Either way, the rate death among construction workers is unusually high. The United States had a fatal occupational injury rate of 3.5 workers per 100,000 in 2011, while the United Kingdom boasts a rate of .6 deaths per 100,000 workers. Qatar’s rate is double that of the European Union, according to the National Health Strategy 2011-2016. Considering Qatar’s impressive financial resources, the question arises why its rate of workplace–related deaths is higher than other developed regions.

According to the website of Human Rights Watch, Qatari authorities attribute most of the deaths to falls, although a number may be caused by heat stroke or other causes. Hamad Medical Corporation stated more than 1,000 people were injured after falling from heights in the last year, an increase of 67% from 2008 which saw 600 people injured from such falls.

“Safety is a culture,” said Benjamin Aniamma, HSE Engineer at Turner International Middle East (TIME), the company tasked with oversight of Qatar’s Msheireb Properties project, which is constructing a downtown area in Doha’s Musherib district. The 20 billion QR project has one of the best records on worker safety, with more than 20 million hours without lost time injury. Time loss injury occurs when a worker is injured enough to be unable to continue his normal duties one day after the injury, and can be used as an indicator of how safe a works space is.

“Here we are awarding a contract to an international company, and a local company as a joint venture,” Aniamma said. “The international company will bring in standards, from U.S. or Britain and the local company will be following the modus operandi.”

Another major segment of construction in Qatar occurs through Qatar Foundation, including Education City, home of six prominent American Universities and various other institutions. ASTAD Project Management, which arose as a joint venture between Qatar Foundation and Qatar Petroleum, handles Qatar Foundation’s construction projects “from conception to completion,” in addition to other projects such as the construction of the headquarters for the Supreme Education Council and Qatar Petroleum.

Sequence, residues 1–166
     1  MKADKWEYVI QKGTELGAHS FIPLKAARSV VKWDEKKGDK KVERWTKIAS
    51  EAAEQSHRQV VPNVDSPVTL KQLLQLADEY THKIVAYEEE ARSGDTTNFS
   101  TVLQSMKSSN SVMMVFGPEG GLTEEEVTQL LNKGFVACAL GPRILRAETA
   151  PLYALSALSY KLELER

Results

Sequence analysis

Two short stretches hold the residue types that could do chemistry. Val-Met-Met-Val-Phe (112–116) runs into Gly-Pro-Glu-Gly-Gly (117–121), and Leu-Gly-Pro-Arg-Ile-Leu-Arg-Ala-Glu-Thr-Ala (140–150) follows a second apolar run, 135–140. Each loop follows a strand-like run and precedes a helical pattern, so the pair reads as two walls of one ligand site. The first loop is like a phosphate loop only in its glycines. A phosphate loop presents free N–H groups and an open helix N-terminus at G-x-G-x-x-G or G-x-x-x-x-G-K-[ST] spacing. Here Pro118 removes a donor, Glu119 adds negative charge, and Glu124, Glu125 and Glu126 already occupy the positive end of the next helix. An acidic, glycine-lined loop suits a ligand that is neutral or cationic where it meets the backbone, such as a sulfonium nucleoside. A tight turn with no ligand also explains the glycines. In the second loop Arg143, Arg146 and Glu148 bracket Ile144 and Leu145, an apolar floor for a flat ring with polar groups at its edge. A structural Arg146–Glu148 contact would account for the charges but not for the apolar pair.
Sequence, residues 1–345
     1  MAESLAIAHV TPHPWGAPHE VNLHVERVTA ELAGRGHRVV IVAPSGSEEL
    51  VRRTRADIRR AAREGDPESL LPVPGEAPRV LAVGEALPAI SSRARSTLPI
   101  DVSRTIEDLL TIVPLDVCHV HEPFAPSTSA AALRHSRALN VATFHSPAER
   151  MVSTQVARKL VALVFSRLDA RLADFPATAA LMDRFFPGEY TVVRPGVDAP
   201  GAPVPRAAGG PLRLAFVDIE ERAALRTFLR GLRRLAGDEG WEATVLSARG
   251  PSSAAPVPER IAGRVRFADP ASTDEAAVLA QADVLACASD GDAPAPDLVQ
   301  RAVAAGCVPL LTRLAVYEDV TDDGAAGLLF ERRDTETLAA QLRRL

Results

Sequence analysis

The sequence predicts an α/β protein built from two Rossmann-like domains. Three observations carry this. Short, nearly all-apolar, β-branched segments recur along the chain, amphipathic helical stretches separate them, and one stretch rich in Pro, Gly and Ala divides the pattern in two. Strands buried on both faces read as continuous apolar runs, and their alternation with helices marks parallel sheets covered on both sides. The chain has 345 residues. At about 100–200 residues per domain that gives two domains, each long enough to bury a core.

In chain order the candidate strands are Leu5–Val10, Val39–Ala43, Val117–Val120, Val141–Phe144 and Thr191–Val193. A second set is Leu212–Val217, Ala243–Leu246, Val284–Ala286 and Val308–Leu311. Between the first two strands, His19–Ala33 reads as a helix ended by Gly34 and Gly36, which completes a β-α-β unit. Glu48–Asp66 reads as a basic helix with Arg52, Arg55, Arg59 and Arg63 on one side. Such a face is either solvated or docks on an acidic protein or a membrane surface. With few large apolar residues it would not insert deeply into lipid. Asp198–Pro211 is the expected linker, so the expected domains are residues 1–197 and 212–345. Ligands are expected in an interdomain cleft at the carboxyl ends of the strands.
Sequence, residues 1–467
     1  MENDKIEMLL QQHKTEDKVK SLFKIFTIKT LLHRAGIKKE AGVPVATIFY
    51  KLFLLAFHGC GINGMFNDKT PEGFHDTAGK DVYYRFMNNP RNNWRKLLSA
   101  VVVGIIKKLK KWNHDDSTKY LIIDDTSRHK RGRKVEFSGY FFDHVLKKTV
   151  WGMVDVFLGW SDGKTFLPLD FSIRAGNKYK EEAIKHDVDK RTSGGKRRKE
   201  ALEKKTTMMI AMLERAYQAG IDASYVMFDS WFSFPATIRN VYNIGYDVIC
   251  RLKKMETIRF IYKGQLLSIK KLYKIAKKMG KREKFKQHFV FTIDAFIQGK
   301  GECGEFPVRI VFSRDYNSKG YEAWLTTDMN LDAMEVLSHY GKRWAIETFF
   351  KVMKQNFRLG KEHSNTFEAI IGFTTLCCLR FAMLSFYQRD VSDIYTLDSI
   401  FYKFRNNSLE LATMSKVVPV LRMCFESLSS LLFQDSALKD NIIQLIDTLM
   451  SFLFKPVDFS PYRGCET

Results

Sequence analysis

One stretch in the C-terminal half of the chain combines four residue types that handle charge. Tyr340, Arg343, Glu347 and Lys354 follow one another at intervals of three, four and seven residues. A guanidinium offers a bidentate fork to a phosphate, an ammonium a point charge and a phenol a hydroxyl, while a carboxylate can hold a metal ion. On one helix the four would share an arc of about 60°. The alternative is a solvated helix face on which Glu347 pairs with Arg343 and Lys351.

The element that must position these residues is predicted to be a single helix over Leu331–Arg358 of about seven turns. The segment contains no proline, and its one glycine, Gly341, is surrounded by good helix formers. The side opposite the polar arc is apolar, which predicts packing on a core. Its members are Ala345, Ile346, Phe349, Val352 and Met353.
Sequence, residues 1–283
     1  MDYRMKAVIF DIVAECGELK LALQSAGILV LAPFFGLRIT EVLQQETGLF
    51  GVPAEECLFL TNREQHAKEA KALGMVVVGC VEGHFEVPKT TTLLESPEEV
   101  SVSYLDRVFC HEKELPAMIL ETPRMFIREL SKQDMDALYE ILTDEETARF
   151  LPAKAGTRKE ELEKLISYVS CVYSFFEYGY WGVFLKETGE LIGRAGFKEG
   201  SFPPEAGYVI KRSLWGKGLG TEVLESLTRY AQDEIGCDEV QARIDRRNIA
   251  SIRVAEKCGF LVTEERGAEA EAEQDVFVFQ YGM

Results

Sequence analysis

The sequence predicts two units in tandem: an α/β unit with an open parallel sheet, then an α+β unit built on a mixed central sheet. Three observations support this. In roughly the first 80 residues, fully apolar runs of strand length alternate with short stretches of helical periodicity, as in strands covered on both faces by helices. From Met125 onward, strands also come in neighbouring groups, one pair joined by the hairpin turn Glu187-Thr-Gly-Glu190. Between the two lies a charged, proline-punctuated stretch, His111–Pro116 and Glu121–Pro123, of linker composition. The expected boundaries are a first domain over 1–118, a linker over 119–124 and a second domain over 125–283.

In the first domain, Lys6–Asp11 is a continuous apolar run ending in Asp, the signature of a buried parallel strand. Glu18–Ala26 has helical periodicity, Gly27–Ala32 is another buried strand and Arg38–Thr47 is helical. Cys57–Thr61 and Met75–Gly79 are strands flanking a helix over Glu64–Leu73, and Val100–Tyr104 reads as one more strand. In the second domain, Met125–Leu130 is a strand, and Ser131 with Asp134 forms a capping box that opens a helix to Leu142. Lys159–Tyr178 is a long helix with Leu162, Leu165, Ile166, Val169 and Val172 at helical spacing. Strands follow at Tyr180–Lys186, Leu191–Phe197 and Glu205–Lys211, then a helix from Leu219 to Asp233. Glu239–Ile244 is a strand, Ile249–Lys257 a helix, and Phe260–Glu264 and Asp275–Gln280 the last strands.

Adnan Haddad, a civil and infrastructure engineer at ASTAD, says the venture struggles with similar issues. “Codes are respected more in a place like the United States,” Haddad said. “Here there’s no tradition of a code or public ordinances.” This can have a negative effect on safety, allowing for recklessness by both contractors and the laborers to flourish.

“Some contractors will place the importance of completing projects on deadline over preventing casualties, and then on the other side, sometimes laborers will do something they think is okay when it’s not because the don’t have a background in it,” he said.

The occurrence of exploitative practices by contractors is compounded by the lack of a system of accountability. “In the U.S. you can be sued if something goes wrong, but here there’s not the same level of accountability, and some people take advantage of that,” Haddad said. ASTAD itself is not free of such issues, with worker deaths common enough to drive Georgetown University’s School of Foreign Service in Qatar to employ an independent consultant to monitor the construction of its building in Education City.